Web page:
Int J Sports Med 2019; 40(13): 856-862
DOI: 10.1055/a-0958-9548
Clinical Sciences
© Georg Thieme Verlag KG Stuttgart · New York

MRI Brain Changes After Marathon Running: Results of the Berlin Beat of Running Study

Juliane Herm
1  Department of Neurology, Charité, Universitätsmedizin Berlin, Berlin, Germany
2  Center for Stroke Research, Charité Universitätsmedizin Berlin, Berlin, Germany
,
Karl Georg Haeusler
3  Department of Neurology, Universitätsklinikum Würzburg, Würzburg, Germany
,
Claudia Kunze
2  Center for Stroke Research, Charité Universitätsmedizin Berlin, Berlin, Germany
,
Matthias Krüll
4  SMS Medical Institute Berlin GmbH, Berlin, Germany
5  SCC EVENTS GmbH, Berlin, Germany
,
Lars Brechtel
6  Carl Remigius Medical School, Physician Assistance, Hamburg, Germany
7  Berlin Academy of Sports Medicine, Sports Medicine, Berlin, Germany
,
Jürgen Lock
4  SMS Medical Institute Berlin GmbH, Berlin, Germany
5  SCC EVENTS GmbH, Berlin, Germany
,
Peter U. Heuschmann
8  Institute of Clinical Epidemiology and Biometry, University of Würzburg, Würzburg, Germany
9  Clinical Trial Center Würzburg, University of Würzburg, Würzburg, Germany
10  Comprehensive Heart Failure Center, University of Würzburg, Würzburg, Germany
,
Wilhelm Haverkamp
11  Department of Cardiology, Charité Universitätsmedizin Berlin, Campus Virchow-Klinikum, Berlin, Germany
,
Hauke Heekeren
12  Department of Education and Psychology, Freie Universität Berlin, Berlin, Germany
,
Thomas Liman
1  Department of Neurology, Charité, Universitätsmedizin Berlin, Berlin, Germany
2  Center for Stroke Research, Charité Universitätsmedizin Berlin, Berlin, Germany
,
Matthias Endres
1  Department of Neurology, Charité, Universitätsmedizin Berlin, Berlin, Germany
2  Center for Stroke Research, Charité Universitätsmedizin Berlin, Berlin, Germany
13  Charité Universitätsmedizin Berlin, German Center for Neurodegenerative Diseases (DZNE), Berlin, Germany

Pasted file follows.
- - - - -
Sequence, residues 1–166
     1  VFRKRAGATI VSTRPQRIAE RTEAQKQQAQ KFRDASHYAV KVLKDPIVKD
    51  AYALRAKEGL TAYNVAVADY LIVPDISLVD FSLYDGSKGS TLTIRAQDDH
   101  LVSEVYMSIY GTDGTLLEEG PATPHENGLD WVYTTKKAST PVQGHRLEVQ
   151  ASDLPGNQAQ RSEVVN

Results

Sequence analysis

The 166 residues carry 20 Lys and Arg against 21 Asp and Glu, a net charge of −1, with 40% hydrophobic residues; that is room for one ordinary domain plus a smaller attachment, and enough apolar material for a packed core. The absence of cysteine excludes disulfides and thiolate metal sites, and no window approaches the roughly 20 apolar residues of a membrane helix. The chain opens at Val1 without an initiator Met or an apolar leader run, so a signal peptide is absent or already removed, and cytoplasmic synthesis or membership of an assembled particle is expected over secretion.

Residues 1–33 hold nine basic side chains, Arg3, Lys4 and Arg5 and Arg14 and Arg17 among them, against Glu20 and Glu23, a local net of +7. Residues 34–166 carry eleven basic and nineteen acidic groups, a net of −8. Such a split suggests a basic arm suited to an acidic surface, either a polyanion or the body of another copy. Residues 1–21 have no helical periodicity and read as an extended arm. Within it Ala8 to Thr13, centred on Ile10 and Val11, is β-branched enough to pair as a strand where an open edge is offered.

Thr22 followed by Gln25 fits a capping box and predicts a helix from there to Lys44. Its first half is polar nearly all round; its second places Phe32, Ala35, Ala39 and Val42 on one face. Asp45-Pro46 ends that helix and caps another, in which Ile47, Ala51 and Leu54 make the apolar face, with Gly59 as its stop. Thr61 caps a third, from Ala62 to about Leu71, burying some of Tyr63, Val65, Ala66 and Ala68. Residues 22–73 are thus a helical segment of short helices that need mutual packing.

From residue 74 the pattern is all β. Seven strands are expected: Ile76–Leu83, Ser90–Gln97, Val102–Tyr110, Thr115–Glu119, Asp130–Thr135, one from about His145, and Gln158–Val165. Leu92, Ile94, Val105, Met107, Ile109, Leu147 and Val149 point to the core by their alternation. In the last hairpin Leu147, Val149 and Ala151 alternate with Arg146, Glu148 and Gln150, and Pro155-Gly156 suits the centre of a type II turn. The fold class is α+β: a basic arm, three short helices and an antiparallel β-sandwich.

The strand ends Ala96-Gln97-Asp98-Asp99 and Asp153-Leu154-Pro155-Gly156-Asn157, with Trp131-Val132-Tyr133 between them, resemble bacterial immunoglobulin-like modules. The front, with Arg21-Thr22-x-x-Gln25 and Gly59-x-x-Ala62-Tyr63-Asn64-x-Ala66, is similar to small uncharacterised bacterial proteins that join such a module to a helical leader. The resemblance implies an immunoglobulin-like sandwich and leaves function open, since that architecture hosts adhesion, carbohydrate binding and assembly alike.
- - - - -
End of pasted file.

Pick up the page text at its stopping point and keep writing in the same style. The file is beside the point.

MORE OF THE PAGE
14  Charité Universitätsmedizin Berlin, Excellence Cluster NeuroCure, Berlin, Germany
15  German Center for Cardiovascular Research (DZHK), Berlin, Germany
,
Jochen B. Fiebach*
2  Center for Stroke Research, Charité Universitätsmedizin Berlin, Berlin, Germany
,
Gerhard Jan Jungehulsing*
16  Department of Neurology, Jüdisches Krankenhaus Berlin, Berlin, Germany
› Author Affiliations
Funding: The investigator-initiated Berlin Beat of Running Study was supported by the SCC EVENTS GmbH, Berlin and by an unrestricted study grant from Bayer HealthCare and Sanofi. The GETEMED AG (Teltow, Germany) provided the ECG-recorders and comprehensive technical support. KGH, JH, CK, JBF, ME and GJJ received funding from the Federal Ministry of Education and Research via the grant Center for Stroke Research Berlin (01 EO 0801). ME receives support from the Volkswagen-Stiftung. ME recieved funding from the German Research Foundation.

Clinical Trials Registration: clinicaltrials.gov NCT01428778
Further Information

Publication History



accepted 04 June 2019

Publication Date:
10 September 2019 (online)

Abstract

Several studies report neurological complications such as brain injury induced by ischemia or edema following exhaustive endurance sport. We aimed to detect the frequency of acute brain lesions after a marathon race. In the prospective observational Berlin Beat of Running study, 110 experienced endurance athletes underwent 3-Tesla brain MRI exams 2–3 days prior and within 2 days after a marathon run. MRI results were compared to an age- and sex-matched control group of 68 non-athletes, including the “Age-Related White Matter Changes” (ARWMC) scale to assess white matter lesions (WML) in the brain. 108 athletes (median age 48 years, 24% female, 8% with hypertension; 0% with diabetes) completed the race. No athlete reported neurological deficits, but a single acute ischemic lesion was detected in diffusion-weighted MRI after the race in one athlete. No other acute brain lesions compared to prior MRI were found. An ARWMC score ≥4 was found in 15% of athletes and 12% of non-athletic controls (p=0.7). Chronic ischemic lesions were not found in athletes but in four controls (6%) (p=0.02). In conclusion, acute ischemic brain lesions may be found in endurance runners. Every seventh endurance athlete and every ninth control showed evidence for substantial white matter lesions.

* Authors contributed equally.